Don’t worry…this post is totally safe for work.
The release of the Windows Mobile 6.5 Developer Tool Kit earlier this month means folks can finally start digging into the latest release of Windows Mobile, long before it actually shows up on any devices.
Even if you’re not developing for mobile devices, there are a slew of insanely helpful reasons to have Device Emulator loaded up. Things like…
- Mobile web design
- Mobile device support
- Mobile device training
The biggest news for devs is the inclusion of gesture APIs for use with the Windows Mobile Professsional images in this release.
When Windows Mobile 6.1 was originally announced, the English standalone images were released the same day. That didn’t happen with 6.5. Instead, MS chose to release the English and localized versions at the same time. Here’s the full list…
- 0804 CHS Chinese Simplified
- 0409 USA English
- 0407 GER German
- 040c FRA French
- 0410 ITA Italian
- 0c0a ESN Spanish
Since this isn’t a full-blown Software Developer Kit (SDK) release in and of itself, you’ll still need to use the Windows Mobile 6 SDKs to integrate this DTK with Visual Studio. As with all SDKs, you’ll need to have a Standard Edition of Visual Studio or higher. And just like the SDKs, the DTKs come in Professional and Standard flavors. You’ll need to grab both if you want to work with both Professional and Standard devices, that is.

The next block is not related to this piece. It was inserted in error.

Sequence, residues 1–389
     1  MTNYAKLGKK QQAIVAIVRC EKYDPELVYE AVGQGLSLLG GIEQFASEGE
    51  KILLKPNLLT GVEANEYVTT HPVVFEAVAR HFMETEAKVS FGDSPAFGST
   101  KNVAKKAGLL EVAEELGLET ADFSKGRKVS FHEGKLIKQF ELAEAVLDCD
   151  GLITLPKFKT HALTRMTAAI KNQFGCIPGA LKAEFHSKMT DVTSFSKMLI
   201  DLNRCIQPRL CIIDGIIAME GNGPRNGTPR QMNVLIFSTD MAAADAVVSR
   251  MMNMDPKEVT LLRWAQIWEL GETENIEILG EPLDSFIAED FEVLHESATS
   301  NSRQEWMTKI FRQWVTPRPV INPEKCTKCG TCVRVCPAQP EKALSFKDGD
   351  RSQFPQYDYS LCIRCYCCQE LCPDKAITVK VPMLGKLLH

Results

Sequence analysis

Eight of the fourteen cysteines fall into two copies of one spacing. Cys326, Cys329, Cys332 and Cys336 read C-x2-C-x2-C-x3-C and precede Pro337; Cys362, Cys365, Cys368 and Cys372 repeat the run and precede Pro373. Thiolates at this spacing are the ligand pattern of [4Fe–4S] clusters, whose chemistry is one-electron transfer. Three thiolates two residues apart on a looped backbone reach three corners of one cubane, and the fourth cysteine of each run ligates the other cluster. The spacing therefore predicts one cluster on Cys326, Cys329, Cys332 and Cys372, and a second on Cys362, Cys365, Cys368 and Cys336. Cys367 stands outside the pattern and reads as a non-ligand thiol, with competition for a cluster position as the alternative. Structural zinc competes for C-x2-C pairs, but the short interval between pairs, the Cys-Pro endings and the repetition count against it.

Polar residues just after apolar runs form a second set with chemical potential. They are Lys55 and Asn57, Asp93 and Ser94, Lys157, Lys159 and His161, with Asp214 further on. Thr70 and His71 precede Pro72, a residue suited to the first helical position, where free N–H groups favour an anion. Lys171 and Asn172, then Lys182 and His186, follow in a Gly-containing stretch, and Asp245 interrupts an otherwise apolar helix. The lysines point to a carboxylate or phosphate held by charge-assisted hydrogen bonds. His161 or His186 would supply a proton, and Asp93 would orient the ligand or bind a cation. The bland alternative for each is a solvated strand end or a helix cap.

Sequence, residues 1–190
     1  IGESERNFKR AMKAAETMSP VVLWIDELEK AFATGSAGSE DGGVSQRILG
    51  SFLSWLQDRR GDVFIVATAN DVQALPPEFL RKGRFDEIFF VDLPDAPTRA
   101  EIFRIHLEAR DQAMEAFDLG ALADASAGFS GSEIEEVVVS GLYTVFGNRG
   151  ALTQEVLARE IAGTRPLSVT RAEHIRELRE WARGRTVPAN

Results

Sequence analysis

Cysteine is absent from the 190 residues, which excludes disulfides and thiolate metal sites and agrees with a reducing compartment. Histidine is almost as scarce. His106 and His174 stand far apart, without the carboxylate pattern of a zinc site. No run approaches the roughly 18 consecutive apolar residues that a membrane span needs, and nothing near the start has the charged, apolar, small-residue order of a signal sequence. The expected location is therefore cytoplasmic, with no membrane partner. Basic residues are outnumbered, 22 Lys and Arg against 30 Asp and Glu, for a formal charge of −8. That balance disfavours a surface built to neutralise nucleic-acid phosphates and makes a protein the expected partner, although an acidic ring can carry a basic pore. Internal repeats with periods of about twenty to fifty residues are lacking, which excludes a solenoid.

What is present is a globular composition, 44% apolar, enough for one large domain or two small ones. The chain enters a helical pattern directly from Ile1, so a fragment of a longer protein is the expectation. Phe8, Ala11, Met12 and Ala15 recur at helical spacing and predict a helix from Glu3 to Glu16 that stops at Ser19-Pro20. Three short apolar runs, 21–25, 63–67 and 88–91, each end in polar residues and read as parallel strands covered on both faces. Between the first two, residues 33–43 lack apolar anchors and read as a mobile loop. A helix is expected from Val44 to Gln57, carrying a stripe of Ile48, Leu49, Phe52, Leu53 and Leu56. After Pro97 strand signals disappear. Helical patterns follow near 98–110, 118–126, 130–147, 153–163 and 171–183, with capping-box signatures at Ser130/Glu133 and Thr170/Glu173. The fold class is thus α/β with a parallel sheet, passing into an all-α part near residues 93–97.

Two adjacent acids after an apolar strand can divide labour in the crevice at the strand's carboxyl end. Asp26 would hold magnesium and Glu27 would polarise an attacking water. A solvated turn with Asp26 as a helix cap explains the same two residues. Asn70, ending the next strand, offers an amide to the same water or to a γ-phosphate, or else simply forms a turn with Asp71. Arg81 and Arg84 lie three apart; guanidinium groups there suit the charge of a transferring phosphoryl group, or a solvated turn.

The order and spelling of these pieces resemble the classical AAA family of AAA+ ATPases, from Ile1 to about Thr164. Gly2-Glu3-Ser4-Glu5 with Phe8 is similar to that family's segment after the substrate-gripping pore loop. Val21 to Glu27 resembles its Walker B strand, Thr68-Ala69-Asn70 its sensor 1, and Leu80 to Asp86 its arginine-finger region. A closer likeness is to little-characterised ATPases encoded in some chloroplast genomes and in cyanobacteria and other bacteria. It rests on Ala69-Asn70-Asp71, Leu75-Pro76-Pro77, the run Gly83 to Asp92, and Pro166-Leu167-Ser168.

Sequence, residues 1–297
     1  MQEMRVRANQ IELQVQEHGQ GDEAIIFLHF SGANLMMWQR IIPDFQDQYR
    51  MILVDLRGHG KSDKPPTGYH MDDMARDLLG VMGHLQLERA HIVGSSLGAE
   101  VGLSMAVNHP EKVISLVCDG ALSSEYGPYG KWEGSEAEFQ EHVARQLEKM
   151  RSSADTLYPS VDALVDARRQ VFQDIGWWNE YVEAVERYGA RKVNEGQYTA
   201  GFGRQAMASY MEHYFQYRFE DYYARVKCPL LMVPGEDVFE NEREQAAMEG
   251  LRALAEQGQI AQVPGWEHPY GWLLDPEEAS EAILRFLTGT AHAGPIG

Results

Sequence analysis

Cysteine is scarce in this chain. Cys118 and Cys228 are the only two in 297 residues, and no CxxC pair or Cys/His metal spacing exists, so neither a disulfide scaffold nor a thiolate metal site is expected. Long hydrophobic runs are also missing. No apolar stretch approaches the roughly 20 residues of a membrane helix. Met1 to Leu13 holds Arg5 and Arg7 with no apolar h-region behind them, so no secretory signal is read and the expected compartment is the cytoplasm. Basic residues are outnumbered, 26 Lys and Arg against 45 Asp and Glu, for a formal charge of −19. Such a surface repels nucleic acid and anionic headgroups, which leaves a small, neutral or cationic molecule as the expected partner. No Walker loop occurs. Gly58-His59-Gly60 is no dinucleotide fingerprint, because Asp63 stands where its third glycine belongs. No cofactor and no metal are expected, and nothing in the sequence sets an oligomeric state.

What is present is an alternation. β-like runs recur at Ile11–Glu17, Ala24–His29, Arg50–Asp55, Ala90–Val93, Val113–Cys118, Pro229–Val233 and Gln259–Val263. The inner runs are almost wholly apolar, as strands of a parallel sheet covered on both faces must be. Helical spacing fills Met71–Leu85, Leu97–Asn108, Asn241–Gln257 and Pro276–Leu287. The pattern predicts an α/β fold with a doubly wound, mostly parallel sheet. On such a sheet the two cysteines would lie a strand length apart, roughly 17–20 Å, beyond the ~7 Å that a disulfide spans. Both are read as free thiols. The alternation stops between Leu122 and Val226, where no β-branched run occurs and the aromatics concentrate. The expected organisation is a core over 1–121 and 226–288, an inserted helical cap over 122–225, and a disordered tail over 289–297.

Another thing that’s a bit of a difference with this release…
Check out the number of emulator images in the 6.5 DTK versus the 6.1.4 standalone images. Seven versus a mindboggling fourteen! 50% less, which I’m not so sure is a bad thing.
At this point, with all the different SDKs, Device Emulator updates, and what-have-you floating about, I figure it’s about time to update my series of articles on Device Emulator. So look for that soon. Once I get my presentations finished for WPC, that is.